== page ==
Archive for October, 2010

Our autumn almanac 29.10.2010 – 04.11.2010

Posted in astronomical time on October 29, 2010 by espacelab

This week it is All Hallows’ Eve or Halloween on Sunday

All Hallows’ Eve falls on 31 October each year, and is the day before All Hallows’ Day, also known as All Saints’ Day in the Christian calendar. The Church traditionally held a vigil on All Hallows’ Eve when worshippers would prepare themselves with prayers and fasting prior to the feast day itself.

The name derives from the Old English ‘hallowed’ meaning holy or sanctified and is now usually contracted to the more familiar word Hallowe’en.
A brief history of the festival

In the early 7th century Pope Boniface IV consecrated the Pantheon in Rome, formerly a temple to all the gods, as a church dedicated to Saint Mary and the Martyrs, and ordered that that date, May 13, should be celebrated every year.

It became All Saints’ Day, a day to honour all the saints, and later, at the behest of Pope Urban IV (d. 1264), a day specially to honour those saints who didn’t have a festival day of their own.

In the 8th century, on November 1st, Pope Gregory III dedicated a chapel to all the saints in St. Peter’s Basilica in Rome. Gregory IV then made the festival universal throughout the Church, and November 1st has subsequently become All Saints’ Day for the western Church.

The Orthodox Church celebrates All Saints’ Day on the first Sunday after Passover – a date closer to the original May 13th.

Hallowe’en and Samhain

It is widely believed that many Hallowe’en traditions have evolved from an ancient Celtic festival called Samhain which was Christianised by the early Church. Pronounced sow-in, Samhain is a Gaelic word meaning ‘end of the summer’. This festival is believed to have been a celebration of the end of the harvest, and a time of preparation for the coming winter.

It is widely accepted that the early church missionaries chose to hold a festival at this time of year in order to absorb existing native Pagan practices into Christianity, thereby smoothing the conversion process.

A letter Pope Gregory I sent to Bishop Mellitus in the 6th century, in which he suggested that existing places of non-Christian worship be adopted and consecrated to serve a Christian purpose, is often provided as supporting evidence of this method of acculturation. (See related links.)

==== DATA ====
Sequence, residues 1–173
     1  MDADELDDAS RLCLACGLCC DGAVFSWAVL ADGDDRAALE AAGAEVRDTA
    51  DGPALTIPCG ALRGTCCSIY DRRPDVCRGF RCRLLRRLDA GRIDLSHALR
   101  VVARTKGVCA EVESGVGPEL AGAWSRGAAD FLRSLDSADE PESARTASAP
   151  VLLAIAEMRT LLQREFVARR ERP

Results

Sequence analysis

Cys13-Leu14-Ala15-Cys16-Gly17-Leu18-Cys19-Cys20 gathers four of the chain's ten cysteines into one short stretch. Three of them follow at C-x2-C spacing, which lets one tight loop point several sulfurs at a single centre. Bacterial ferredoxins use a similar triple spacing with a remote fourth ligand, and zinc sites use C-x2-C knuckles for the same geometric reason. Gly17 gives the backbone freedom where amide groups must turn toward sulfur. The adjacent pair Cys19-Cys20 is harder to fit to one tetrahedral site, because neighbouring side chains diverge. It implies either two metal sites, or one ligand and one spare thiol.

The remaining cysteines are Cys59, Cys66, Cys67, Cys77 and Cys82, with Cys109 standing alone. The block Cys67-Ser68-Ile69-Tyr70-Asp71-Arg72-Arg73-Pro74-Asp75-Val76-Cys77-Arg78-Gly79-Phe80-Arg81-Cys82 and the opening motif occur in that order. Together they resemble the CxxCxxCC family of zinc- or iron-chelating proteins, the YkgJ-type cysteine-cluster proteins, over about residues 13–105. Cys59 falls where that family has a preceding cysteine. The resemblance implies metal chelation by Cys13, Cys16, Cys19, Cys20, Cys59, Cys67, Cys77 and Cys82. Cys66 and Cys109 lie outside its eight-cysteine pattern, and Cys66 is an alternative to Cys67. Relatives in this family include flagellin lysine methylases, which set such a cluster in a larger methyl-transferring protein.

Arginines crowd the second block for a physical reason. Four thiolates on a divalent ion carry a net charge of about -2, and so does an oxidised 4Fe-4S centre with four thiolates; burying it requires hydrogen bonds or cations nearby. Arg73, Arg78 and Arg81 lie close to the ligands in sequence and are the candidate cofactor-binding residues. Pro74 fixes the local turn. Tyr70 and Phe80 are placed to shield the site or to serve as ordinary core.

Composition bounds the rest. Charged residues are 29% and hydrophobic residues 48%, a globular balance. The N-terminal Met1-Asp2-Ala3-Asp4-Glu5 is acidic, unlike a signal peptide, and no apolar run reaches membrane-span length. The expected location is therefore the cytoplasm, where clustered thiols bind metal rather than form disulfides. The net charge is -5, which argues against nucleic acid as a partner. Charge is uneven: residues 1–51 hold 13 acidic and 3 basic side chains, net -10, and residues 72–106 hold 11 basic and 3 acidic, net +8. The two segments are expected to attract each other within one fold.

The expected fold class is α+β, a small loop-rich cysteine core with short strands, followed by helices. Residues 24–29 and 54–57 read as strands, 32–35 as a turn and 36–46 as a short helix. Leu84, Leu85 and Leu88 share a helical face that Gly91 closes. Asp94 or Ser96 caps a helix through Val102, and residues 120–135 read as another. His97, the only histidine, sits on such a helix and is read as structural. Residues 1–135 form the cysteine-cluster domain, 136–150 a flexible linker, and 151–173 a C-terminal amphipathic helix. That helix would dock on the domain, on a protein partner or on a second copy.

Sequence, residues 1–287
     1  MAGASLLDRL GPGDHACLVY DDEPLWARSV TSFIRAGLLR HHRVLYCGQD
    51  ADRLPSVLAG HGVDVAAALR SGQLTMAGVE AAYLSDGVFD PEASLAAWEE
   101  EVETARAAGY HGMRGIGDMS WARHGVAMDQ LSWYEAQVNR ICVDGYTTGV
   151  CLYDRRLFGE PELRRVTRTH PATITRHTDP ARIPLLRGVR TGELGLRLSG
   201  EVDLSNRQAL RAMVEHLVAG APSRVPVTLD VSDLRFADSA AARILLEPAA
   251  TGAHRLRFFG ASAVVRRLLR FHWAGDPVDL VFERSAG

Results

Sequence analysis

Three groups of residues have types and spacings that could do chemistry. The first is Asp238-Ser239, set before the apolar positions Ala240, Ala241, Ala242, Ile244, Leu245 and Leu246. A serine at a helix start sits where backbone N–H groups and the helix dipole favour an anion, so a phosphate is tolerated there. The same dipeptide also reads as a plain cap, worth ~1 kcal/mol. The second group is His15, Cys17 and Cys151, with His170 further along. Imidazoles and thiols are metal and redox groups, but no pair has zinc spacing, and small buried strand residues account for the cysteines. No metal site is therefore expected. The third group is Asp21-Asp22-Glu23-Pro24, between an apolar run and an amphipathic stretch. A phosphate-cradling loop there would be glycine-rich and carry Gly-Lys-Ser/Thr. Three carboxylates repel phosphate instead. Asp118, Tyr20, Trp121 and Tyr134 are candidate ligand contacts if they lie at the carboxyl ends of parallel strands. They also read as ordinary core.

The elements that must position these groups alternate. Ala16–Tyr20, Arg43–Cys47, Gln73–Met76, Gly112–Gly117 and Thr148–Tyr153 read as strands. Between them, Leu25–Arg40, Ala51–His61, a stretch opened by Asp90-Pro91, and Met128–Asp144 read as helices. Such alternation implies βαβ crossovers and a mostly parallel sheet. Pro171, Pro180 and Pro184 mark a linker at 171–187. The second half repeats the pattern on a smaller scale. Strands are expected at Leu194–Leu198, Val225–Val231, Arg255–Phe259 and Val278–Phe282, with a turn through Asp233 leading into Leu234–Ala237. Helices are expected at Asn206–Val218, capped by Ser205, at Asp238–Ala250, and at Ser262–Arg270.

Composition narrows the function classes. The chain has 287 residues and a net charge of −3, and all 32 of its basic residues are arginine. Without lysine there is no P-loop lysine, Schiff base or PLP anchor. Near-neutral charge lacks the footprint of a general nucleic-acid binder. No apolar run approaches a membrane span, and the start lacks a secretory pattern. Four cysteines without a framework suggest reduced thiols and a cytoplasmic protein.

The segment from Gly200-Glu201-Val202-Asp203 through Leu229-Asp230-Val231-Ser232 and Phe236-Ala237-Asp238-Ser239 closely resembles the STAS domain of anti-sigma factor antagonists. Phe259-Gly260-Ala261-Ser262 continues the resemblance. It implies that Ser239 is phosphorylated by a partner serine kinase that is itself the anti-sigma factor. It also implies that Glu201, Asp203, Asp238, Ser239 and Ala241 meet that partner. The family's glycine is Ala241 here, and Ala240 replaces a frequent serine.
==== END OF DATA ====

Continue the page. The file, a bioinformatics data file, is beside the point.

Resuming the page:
Encyclopaedia Britannica states that this date may have been chosen “in an effort to supplant the Pagan holiday with a Christian observance”.

The Oxford Dictionary of World Religions also claims that Hallowe’en “absorbed and adopted the Celtic new year festival, the eve and day of Samhain”.

However, there are supporters of the view that Hallowe’en, as the eve of All Saints’ Day, originated entirely independently of Samhain and some question the existence of a specific pan-Celtic religious festival which took place on 31 October/1 November.

All Saints’ Day

All Saints’ Day (also known as All Hallows’ Day or Hallowmas) is the day after All Hallows’ Eve (Hallowe’en). It is a feast day celebrated on November 1st by Anglicans and Roman Catholics.

It is an opportunity for followers to remember all saints and martyrs, known and unknown, throughout Christian history. As part of this day of obligation, followers are required to attend church and try not to do any servile work.

All Souls’ Day

All Souls’ Day is marked on 2nd November (or the 3rd if the 2nd is a Sunday), directly following All Saints’ Day, and is an opportunity for Roman Catholics and Anglo-Catholic churches to commemorate the faithful departed. They remember and pray for the souls of people who are in Purgatory – the place (or state) in which those who have died atone for their less grave sins before being granted the vision of God in Heaven (called Beatific vision).